# How to find the point in whose direction the directional derivative is max without a unit vector but with restriction?

Given surface $z=3-3x^2-y^2$ find the point and the direction in which the directional derivative $D_uf$ is max on the circle $x^2+y^2=1$.

$\nabla f_z=\langle -6x,-2y\rangle$.

Because we're looking for a point which belongs to the circle we need to solve the system: $$\begin{cases} -3x^2-y^2=-3\\x^2+y^2=1 \end{cases}$$ so we get $y=0$ and $x=\pm1$. This means there're two points $(1,0)$ and $(-1,0)$ where the $D_uf$ is max.

Then we get the gradient in those points to be $\langle\pm6,0\rangle$ which means that the unit vector in which direction $D_uf$ is max is $\frac{\nabla f}{||\nabla f||}=\langle \pm1,0\rangle$.

The official solution regards this to be a finding extrema points problem, specifically the circle is regarded to be a restriction. Would it be correct to solve such exercise and not mention at all that we're finding function max/min? Can we just make do with the fact that point needs to belong to the circle so we solve the system?

• Note that there was a small error in my answer. I just fixed it. Aug 8 '17 at 18:28

I think there's been a misinterpretation of the problem. First of all, to be clear since this isn't written in the post, we have a function $f:\mathbb{R}^2 \rightarrow \mathbb{R}$ defined by $$f(x,y) = 3 - 3x^2 - y^2 \, .$$ The problem is to find the point in the plane such that $\lvert \nabla f \rvert$ is maximized subjected to the constraint that $x^2+y^2=1$.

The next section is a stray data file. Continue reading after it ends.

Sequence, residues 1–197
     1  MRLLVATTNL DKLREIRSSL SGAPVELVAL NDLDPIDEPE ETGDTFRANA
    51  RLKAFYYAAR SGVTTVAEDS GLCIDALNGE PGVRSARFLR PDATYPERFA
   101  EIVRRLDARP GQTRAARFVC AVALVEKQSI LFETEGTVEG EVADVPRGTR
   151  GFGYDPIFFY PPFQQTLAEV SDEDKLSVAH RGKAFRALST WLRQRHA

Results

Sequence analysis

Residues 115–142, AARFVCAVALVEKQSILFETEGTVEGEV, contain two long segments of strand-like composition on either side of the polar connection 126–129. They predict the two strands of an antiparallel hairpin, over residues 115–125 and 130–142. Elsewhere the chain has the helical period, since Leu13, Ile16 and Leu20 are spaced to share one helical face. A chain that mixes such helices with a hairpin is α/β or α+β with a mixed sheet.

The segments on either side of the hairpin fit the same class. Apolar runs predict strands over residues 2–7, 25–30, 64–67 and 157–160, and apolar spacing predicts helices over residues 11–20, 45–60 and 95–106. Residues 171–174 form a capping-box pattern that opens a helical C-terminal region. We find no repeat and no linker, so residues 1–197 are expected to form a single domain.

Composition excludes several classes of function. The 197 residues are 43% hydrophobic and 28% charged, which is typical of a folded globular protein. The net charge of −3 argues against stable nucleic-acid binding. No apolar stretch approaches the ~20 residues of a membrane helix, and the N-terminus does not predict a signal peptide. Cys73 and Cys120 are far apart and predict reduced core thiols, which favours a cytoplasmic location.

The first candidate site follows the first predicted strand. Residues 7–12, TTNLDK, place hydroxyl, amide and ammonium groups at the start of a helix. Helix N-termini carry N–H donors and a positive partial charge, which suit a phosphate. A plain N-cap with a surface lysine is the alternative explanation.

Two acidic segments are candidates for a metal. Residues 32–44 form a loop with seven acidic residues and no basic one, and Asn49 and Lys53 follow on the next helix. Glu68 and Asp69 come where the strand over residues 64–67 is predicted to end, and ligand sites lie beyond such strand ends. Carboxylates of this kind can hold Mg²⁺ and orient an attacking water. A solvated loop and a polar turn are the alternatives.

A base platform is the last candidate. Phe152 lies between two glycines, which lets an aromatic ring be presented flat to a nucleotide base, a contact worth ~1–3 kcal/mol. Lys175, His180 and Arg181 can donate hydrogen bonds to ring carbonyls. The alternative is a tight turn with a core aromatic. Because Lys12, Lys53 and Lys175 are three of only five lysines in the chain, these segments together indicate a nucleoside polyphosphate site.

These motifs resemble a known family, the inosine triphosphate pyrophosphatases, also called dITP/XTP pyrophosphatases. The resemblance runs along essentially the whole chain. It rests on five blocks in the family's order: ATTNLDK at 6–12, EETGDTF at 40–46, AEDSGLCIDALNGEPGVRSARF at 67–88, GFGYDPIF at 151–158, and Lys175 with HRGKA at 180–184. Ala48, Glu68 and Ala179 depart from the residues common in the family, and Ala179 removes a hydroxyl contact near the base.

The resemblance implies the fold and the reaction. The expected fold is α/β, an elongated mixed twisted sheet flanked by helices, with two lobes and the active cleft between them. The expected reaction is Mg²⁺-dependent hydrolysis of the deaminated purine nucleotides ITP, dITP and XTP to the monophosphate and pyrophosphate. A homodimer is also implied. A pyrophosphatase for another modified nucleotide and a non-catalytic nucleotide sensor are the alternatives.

However, you've written one of your constraint equations as $$3 - 3x^2 - y^2 = 0$$ which could also be written as $f(x,y)=0$. That's a much stronger constraint than what's in the problem, and I don't think it's what the problem intends.
There are a few ways to solve the problem. We could use Lagrange multipliers or we can parametrize the circle and use simple calculus. Let's do that latter. The thing we're trying to maximize is $$\lvert \nabla f \rvert = \lvert -6x\hat{x} -2y\hat{y} \rvert = \sqrt{36x^2 + 4y^2} \, .$$ To simplify our life, let's maximize $g(x,y) \equiv \lvert \nabla f \rvert^2$ instead: $$g(x,y) = 36x^2 + 4y^2 \, .$$ Now normally to find an extremum we'd compute $\partial g / \partial x$ and $\partial g / \partial y$, set them to zero, and solve for $x$ and $y$. However, we can't do that here because we have a constraint. Fortunately, it's easy to respect the constraint by putting $y^2 = 1 - x^2$, giving $$g(x) = 36x^2 + 4(1 - x^2) = 4 - 32x^2$$ so $$dg/dx =0 \longrightarrow x = 0 \, .$$